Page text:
subprocess.call("ifconfig %s" % ifname,shell=True)
# Reading
def read():
    r = select([tunFile], [], [])[0][0]
    if r == tunFile:
        return os.read(tunFile, 1600)
    return None

# Writing
def write(buf):
    os.write(tunFile, buf)

the full example can be found here

and route your packets to interface "tun0" or printed inetrface name.

linux distributions does not require to install anything but if you are on windows use this, and for mac os use this

EDIT 1 Note from here:

The difference between a tap interface and a tun interface is that a tap interface outputs (and must be given) full ethernet frames, while a tun interface outputs (and must be given) raw IP packets (and no ethernet headers are added by the kernel). Whether an interface functions like a tun interface or like a tap interface is specified with a flag when the interface is created.

for finding packet header information(like src, dst & etc ...) you may use dpkt

from dpkt import ip 
from tunnel import read,write # tunnel.py
while 1:
    data = read()
    if data:
        ipObj = ip.IP(data[4:])
        print ipObj.src, ipObj.dst
share|improve this answer
This looks good. Is there a way to set iptables to make all UDP packets go to that tun device, without affecting TCP packets? Playing with ip routes alone probably wouldn't be able to tell the difference between TCP and UDP packets, which means I'd have to parse all TCP packets in Python, which would make things slower than they really have to do. –  Etienne Perot Apr 9 '12 at 5:02
yes , i must to edit this post –  pylover Apr 9 '12 at 5:34
i wrote a vpn server with tun and dpkt , and performance is so good, dpkt just uses ip header and do not parse the packet's body, you can route only UDP packets with ip tables, or determine udp packets by dpkt.IP object, i thing this is a regular way to process packets –  pylover Apr 9 '12 at 5:53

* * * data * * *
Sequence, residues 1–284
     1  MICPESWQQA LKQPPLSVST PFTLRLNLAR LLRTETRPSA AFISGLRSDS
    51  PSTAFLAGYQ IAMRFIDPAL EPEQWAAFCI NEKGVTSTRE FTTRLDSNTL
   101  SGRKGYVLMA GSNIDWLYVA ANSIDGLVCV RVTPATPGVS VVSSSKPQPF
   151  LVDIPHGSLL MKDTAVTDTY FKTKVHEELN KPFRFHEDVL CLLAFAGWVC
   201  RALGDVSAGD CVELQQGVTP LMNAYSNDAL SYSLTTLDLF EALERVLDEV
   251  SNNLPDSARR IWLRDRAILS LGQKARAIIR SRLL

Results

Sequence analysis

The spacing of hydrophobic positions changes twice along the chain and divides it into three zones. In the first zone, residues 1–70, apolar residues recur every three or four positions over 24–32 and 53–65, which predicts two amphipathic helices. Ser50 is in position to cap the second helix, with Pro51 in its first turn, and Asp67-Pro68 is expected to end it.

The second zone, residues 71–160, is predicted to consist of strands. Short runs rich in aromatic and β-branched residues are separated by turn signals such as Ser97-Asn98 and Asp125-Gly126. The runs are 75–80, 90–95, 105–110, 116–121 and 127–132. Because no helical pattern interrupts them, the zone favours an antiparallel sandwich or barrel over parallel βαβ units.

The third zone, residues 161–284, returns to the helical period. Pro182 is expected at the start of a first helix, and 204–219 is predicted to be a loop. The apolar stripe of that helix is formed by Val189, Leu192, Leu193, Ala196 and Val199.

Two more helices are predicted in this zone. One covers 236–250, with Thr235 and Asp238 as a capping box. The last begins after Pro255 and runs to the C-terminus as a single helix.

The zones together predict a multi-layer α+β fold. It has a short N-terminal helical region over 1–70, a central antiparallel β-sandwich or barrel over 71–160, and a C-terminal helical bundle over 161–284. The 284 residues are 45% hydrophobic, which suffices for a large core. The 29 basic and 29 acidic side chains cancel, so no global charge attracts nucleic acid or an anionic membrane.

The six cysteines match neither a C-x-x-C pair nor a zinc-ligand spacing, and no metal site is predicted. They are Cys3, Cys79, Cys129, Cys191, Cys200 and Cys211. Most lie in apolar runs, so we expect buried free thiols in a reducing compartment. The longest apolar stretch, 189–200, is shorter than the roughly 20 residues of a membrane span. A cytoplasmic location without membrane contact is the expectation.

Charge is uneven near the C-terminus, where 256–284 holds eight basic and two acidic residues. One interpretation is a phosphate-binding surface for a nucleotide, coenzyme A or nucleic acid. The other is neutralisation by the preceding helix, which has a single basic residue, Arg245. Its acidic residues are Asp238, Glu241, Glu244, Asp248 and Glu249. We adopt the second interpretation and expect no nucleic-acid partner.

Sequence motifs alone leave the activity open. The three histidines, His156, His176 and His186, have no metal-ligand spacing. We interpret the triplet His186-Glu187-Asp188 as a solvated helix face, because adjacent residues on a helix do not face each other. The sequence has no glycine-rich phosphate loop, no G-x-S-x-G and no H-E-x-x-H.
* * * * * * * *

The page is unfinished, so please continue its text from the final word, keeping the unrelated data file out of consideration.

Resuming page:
EdwardH's answer was closer to what I was expecting, but this looks like a fine solution too. +1 for dpkt, wish I had heard of it before I did my own packet parsing. –  Etienne Perot Apr 10 '12 at 22:20

Do you control the host? If so, you can use Open vSwitch to write a rule that spans just the flow in question, preserving all IP information to the tap port (and then just bind a listener to the tap port).

(OVS can do all manner of much more complicated things, but this is a relatively simple task)

share|improve this answer
Had a look but looks very complex to accomplish a task that (to me, at least) seems pretty simple. That, and this question is not to implement something from scratch; it is meant to get integrated in another project in which I wouldn't want to introduce many big additional dependencies. –  Etienne Perot Apr 6 '12 at 4:58
@EtiennePerot: If you want to integrate into an existing situation, you're going to need to sit on the interface and filter every packet yourself. –  Nick Bastin Apr 6 '12 at 5:13
No, I just want to integrate it in an existing project. The project already captures TCP traffic with iptables; I just want to extend that to UDP as well. –  Etienne Perot Apr 6 '12 at 5:46
Just for completeness, there is a small catch with OpenVSwitch. It does not support fragmented packets. If UDP datagram or TCP segment happened to be fragmented, OpenVSwitch will have no access to UDP/TCP headers at all, even for the first packet. –  abb Jun 8 '12 at 10:17
@abb: this is a configuration option - setting frag_mode to nx-match will often get you what you want. –  Nick Bastin Jun 8 '12 at 22:00